A very long period of anesthesia results occasionally to complicationssuch as inflammation of the lungs.

Depth of an artificial coma

The coma depth is depends on the underlying disease and the individual patient's condition. The deeper the doctor applies the sedation, the lower the likelihood of accidental waking up. If there are significant injuries, such as a traumatic brain injury, a rather deep coma makes sense. Even after serious accidents in which the brain needs relief, the sedation is lower.

The awakening

If there is a clear improvement in health and the underlying disease has been stabilized, the doctor will gradually guide it Wake-up phase a. Depending on the duration and depth of the anesthesia reduced he with it gradually the medication. The time course often takes several days. A period of a few weeks is also possible if the patient is older or if the underlying disease is particularly severe.

The vegetative coma is a special case here. If the patient does not fully reach consciousness in the waking phase, a vegetative coma is possible as a transitional stage.

Risks and possible consequential damage

A coma, especially if it lasts for a long time, always harbors certain risks and the risk of possible consequential damage. Older patients in particular have the option of one Delirium, one Form of disorientation. That too Not waking up after stopping the medication is an option, but it is usually related to a significant underlying disease. A number of patients complain for some time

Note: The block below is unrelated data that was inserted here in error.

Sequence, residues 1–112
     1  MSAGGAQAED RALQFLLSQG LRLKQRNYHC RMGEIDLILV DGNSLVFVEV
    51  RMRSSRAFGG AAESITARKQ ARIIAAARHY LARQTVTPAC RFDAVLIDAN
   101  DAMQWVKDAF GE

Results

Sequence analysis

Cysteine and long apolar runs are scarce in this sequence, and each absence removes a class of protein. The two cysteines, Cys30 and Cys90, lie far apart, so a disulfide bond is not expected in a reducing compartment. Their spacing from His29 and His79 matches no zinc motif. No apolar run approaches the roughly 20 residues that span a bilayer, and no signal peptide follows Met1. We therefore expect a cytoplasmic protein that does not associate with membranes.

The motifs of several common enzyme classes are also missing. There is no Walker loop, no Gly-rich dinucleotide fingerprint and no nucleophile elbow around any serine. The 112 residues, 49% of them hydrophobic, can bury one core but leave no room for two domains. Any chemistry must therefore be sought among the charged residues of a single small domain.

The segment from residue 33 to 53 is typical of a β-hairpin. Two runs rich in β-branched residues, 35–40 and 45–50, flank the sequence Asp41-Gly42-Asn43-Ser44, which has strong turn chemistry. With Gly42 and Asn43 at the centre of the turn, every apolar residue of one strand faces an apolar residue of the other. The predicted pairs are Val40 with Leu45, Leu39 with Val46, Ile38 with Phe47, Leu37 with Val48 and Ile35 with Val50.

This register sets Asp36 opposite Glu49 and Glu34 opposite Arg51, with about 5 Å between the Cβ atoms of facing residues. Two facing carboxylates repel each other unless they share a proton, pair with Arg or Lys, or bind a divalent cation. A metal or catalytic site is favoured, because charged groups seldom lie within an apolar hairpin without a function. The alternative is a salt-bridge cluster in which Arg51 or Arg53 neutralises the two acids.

• Circulatory problems,
  • Nightmares as well
  • Difficulty falling asleep and staying asleep.

However, these phenomena usually gradually disappear completely.

Rehabilitation measures after the coma

Often many things apply after you've been in a coma and on artificial respiration to learn anew. In addition to the self-employed Breathing and swallowing count above all all motion sequences to. Specialists from the disciplines of neurology, physiotherapy, speech therapy and occupational therapy are available for rehabilitation. You have the option of yourself familiar movement sequences as well as sensory and motor skills to acquire again under guidance. In the case of lost functions, you will learn how to acquire and implement skills and abilities by activating other areas of the brain.